The same were the essence, the genius of the revolution, under Washington. The protestant nations have surpassed all the rest of the European family in the depth and comprehensiveness, in the sublimity and beauty, in the richness and variety of their literature and science. Britain, the guardian angel of the liberty of Europe, the vanguard of civilization and freedom in the old world,
“She, in the soul of man, her better wealth,
The richest: Nature's noblest produce, she
And we, the only offspring nation ever bore, worthy of such an ancestry, we must not, we cannot, we shall not rest satisfied, with inferiority to English fame, in science and literature. The spirit of inquiry, first principles, thought, reasoning, these are the causes, which, under circumstances singularly felicitous, have made her in power and glory, in wisdom and virtue, in wealth, happiness, freedom and knowledge, the greatest of European states, whether ancient or modern. And the same causes shall enable us, still more fortunate in situation, at our appointed day of meridian excellence, to ascend a loftier height of power and glory, of wisdom and virtue, of wealth, happiness, freedom and knowledge, than England has ever attained. She has accomplished all that an European people, subjects of a limited monarchy, can attain, under the transforming, regenerating influence of the reformation. She is the Rome
of the modern world, but has far exceled the imperial republic of antiquity. We shall accomplish still more, in effecting all that an American people, citizens of a confederacy of republics, can perform, under the combined influence of the reformation and of our revolution. We shall be the Greece of the modern world, unrivaled by the literature of three thousand years. All, indeed, that the system of the reformers can bring to pass, our country, the only holy land of religious liberty, the only promised land of political freedom, shall assuredly accomplish. Then shall our country be—emphatically, pre-eminently—the empire of mind, the republic of letters.
THE GOODNESS OF GOD.-Worcester.
For what purpose did the infinite Creator give existence to this majestic monument of his almighty power? For what purpose did he create the earth and the heavens, with all their unnumbered hosts? Was it not evidently, that he might communicate happiness; and does not this design appear conspicuous on the open face of nature ? What is the plain and unequivocal indication of all those marks of infinite wisdom, and skilful contrivance, in the general dispositions, and in all parts of surrounding nature ? Is it not, that the Creator of all things is infinitely good? Is there not a display of infinite goodness, in the regular and harmonious disposition of the heavenly orbs? Instead of this beautiful order, why was there not the most horrible confusion? Instead of this benignant harmony of the spheres, why was there not a perpetual jar, and the most disastrous concussion ? Is there not a display of infinite goodness in the grandeur and beauty of the creation,-so favorably adapted to elevate, to inspire with admiration, and fill with the purest pleasure, the devout and contemplative mind? Why was not the whole creation so formed as only to excite amazement, terror, and despair? Is there not a display of infinite goodness in the beautiful scenery of our globe,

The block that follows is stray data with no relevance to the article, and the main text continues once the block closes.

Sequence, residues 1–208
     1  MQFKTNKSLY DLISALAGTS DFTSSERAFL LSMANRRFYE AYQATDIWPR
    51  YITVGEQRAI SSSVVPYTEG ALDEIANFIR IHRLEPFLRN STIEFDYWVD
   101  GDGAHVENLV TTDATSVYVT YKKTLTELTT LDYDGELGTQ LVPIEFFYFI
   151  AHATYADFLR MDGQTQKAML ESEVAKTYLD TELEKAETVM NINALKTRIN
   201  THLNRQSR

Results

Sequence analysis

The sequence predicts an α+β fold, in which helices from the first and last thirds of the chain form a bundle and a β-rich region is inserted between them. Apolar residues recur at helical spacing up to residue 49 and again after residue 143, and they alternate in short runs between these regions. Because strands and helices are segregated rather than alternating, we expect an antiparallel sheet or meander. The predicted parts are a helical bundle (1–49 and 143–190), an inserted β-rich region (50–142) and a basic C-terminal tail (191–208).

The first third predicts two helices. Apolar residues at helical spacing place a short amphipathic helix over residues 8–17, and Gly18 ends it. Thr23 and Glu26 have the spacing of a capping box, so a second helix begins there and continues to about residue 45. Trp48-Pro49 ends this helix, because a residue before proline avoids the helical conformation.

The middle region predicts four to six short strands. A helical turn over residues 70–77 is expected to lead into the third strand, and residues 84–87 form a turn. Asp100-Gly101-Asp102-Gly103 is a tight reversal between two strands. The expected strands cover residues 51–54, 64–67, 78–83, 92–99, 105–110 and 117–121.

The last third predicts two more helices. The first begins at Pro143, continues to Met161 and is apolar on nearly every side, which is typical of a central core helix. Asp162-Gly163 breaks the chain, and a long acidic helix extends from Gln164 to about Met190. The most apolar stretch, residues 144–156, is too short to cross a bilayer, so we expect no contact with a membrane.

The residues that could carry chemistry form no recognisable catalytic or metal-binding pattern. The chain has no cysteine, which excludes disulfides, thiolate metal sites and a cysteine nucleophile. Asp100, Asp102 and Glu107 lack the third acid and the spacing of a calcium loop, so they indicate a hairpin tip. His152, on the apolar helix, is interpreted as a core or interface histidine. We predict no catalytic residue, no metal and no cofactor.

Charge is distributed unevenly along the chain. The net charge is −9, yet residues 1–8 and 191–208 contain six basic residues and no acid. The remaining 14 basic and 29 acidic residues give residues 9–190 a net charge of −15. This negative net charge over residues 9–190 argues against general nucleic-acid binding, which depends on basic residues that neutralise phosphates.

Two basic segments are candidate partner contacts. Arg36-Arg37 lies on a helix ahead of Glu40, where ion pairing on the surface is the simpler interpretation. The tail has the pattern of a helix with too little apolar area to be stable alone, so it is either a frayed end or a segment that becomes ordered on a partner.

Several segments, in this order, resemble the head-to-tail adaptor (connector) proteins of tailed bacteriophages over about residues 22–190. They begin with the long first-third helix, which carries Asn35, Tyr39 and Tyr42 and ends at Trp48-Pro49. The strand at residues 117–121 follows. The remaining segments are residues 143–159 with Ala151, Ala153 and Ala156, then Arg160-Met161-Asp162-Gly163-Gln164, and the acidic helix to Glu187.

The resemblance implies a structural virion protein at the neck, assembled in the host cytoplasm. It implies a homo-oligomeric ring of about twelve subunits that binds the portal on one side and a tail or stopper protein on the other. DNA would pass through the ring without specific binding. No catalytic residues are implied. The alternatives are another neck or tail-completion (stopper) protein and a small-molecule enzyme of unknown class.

,—so agreeably diversified with continents and seas, islands and lakes, mountains and plains, hills and valleys, adapted to various beneficial purposes, and abounding with productions, in endless variety, for the convenience, the support, and the happiness of its diversified inhabitants ? Why was not the whole earth like the burning sands of Libya, or the rugged and frozen mountains of Zembla? Why was it not one wide and dreary waste, producing only briers and thorns, and poisonous or bitter fruits ?
Is there not a display of infinite goodness in the grateful vicis. situdes of the seasons, each bearing upon its bosom its peculiar delights ?—the spring arrayed in the most beautiful verdure, and decorated with flowers; the summer abounding with delightful prospects, and teeming with luxuriance ; autumn loaded with golden harvests, and the richest variety of fruits ; and even winter supplying in social enjoyments, and the nobler pleasures of study and contemplation, what it lacks in external charms? Why was not the whole year one continued scene of dull uniformity, or so irregular in its changes as utterly to baffle all the calculations, and arrangements, and pursuits of life? Why was not every sight a spectacle of horror, every sound a shriek of distress, every sweet a most pungent bitter, every gale a blast of pestilence? Is it not because the Creator and Preserver of the world, is a being of infinite goodness? Is it not strange, that we do not constantly perceive the glory of God, which the heavens declare, and gratefully recognize his goodness, so richly spread abroad through all his works ? Happy, happy were it for us, did nature constantly appear to us as it really is, animated and enlivened by its glorious Author! When the sun rises or sets in the heavens, when spring adorns the earth, when summer shines in its glory, when autumn pours forth its fruits, or when winter returns in its awful forms, happy were it for us, did we constantly view the great Creator and Preserver of all, continually manifesting himself in his various works! Happy, did we meet his presence in the smiling fields, feel his influence in the cheering beams, hear his voice even in the whispering breeze, and taste his goodness in every gift of nature and providence! Happy, did we feel ourselves every where surrounded with the glory of that universal Spirit, who fills, pervades and enlivens all; and did we live in the world, as in a great and august temple, where the presence of the Divinity who inhabits it, fills the mind with awe, and inspires the heart with devotion !
BURR AND BLANNERHASSET.
Who is Blannerhasset? A native of Ireland, a man of letters, who fled from the storms of his own country to find quiet in ours. Possessing himself of a beautiful island in the Ohio, he rears upon it a palace, and decorates it with every romantic embellishment of fancy. A shrubbery, that Shenstone might have envied, blooms around him ; music, which might have